“In performance it must be melodious, well orchestrated, youthful, headlong, violent and vivid” (Sir John Gielgud)
Teresa May isn’t the first English ruler to suffer nightmares because of an “Irish Problem” – on October 2nd, 1394, King Richard the 2nd landed in Waterford with 10,000 soldiers to chastise some ‘recalcitrant Irish Lords’. His nine months’ progress was deemed a success; warlords from all over Ireland submitted to him in person. Unfortunately (for Richard), in June 1398, Richard Mortimer, the King’s lieutenant, was killed by the Gaelic Irish near Carlow. The King wasn’t wise enough to stay away from our ‘troublesome land’ and in the following year he returned. It was one of his last great mistakes. His army was weakened by ambushes while the drain on the finances back home was extremely unpopular. He rushed home to quell a rebellion but Richard Bolingbroke (who succeeded him as King Henry 4th) soon deprived him of his freedom, his crown and his life. If Richard had stayed at home, we would have no “King Henry the 4th, Part One”, no Harry Hotspur or Prince Hal – countless Inter Cert students would have shouted “Halleluiah to that”! But then, we wouldn’t have Falstaff or Mistress Quickly either from the Great Dramatist. And no Henry the 8th, no Cromwell in our history books. Ah, what might have been!Richard the 2nd is a play about the dethronement of a reigning King, how power corrupts, about the downfall of the moral order, about treachery and of how ruling elites exploit their inferiors – in fact, a play for our times! So subversive and dangerous was it considered to be that in every edition published during the reign of Elizabeth 1, the great abdication scene, where Richard cedes the throne to his cousin Bolingbroke, was omitted – the Queen was the subject of many conspiracies and she never felt secure on the throne. The plot develops on the following line:- Richard, a weak monarch, as much poet and dreamer as he is King, is faced by an opportunistic rival. Henry Bolingbroke, Duke of Hereford and cousin to the King, accuses Thomas Mowbray of murdering the King’s uncle. The King sentences Mowbray to exile for life and Bolingbroke to six years of banishment. When John of Gaunt, Duke of Lancaster and uncle of Bolingbroke, dies, Richard seizes Gaunt’s estates – to pay for his upcoming Irish campaign. This illegal act gained him powerful enemies, especially the Earl of Northumberland, father of Harry Hotspur. While Richard is in Ireland, Bolingbroke lands in Ravenspurgh, Yorkshire, in defiance of his banishment, and marches to Berkeley Castle. In a challenge to the King, Bolingbroke executes two of the latter’s great favourites, Bushy and Green. The populace sides with Bolingbroke and when Richard lands in Wales, he is imprisoned at Flint Castle. The rest is history ….I look forward to seeing Simon Russell Beale’s portrayal of Richard (a part that the late John Gielgud made his own), one of the least macho of English monarchs; Fiona Shaw has played the role in the National Theatre. This, the most poetic of the Bard’s plays, is also one of the most frequently produced.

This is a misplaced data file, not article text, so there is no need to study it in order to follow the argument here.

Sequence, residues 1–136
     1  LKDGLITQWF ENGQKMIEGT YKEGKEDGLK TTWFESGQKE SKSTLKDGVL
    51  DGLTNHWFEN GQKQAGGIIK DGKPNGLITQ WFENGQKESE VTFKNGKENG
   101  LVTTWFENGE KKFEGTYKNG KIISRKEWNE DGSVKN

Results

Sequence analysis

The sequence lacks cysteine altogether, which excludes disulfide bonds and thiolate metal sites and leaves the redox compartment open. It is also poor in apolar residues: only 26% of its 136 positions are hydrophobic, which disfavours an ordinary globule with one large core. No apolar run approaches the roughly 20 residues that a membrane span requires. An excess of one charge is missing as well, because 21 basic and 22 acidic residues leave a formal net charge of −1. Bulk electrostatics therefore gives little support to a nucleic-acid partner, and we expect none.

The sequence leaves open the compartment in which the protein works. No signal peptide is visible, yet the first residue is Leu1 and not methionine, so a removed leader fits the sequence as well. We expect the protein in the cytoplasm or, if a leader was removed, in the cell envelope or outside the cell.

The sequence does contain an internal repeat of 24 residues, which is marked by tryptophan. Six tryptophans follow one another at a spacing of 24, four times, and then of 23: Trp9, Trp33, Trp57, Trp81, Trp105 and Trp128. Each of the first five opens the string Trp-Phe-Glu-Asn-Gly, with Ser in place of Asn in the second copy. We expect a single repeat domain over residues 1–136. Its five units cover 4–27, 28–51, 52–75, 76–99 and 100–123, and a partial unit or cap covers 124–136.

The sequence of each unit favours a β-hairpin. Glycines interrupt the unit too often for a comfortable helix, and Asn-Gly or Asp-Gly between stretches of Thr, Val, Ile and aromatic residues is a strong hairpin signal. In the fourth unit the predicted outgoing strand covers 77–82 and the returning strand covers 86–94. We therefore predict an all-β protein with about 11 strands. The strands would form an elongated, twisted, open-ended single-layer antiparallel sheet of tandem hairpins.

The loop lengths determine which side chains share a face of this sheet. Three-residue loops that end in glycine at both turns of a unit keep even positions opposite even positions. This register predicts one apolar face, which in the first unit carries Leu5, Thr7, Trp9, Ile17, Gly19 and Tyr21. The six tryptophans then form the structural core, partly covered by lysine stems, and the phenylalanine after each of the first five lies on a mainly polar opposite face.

What a great opportunity to see one of Shakespeare’s most interesting plays with a very strong cast. Well worth a visit, methinks![Fogra: Jenny Fennessy from Ballysaggart, is one of the best supporters of the GC Live screenings but she goes one better than the rest of us. While she regularly joins us in the cinema, there were two times she couldn’t do so! – BECAUSE JENNY WAS ON THE SCREEN AND WE LOOKED AT HER! Yes, she was on-screen, Live, with The Royal Shakespeare Company from Stratford-Upon-Avon, first in “Cymbeline” and, then, in “King Lear”.
Now Jenny and her husband, Dylan Kennedy, are presenting “Lovesong” by Abi Morgan in Garter Lane Theatre, Waterford from Jan 17th to 19th. An All-Ireland winning actress in 2005 with Brideview Drama in Jim Nolan’s delightful play, “Moonshine”, Jenny, along with Dylan, joins two amateur actors in Garter Lane. The latter are two of Ireland’s greatest-ever actors, Mary Flavin-Colbert and Sean Aherne – either or both on the stage can transport you to another time and place where, in the words of Louis MacNeice, “Time is away and somewhere else”. Two of the acting ‘greats’ of my sixty-plus years as a theatregoer on stage with Jenny and Dylan, who’ve performed in some of the world’s greatest theatres with celebrated Directors such as Sir Richard Eyre, Katie Mitchell and Greg Doran. It could be the theatrical event of the year. I wish them all well.]
From Jim Ryan.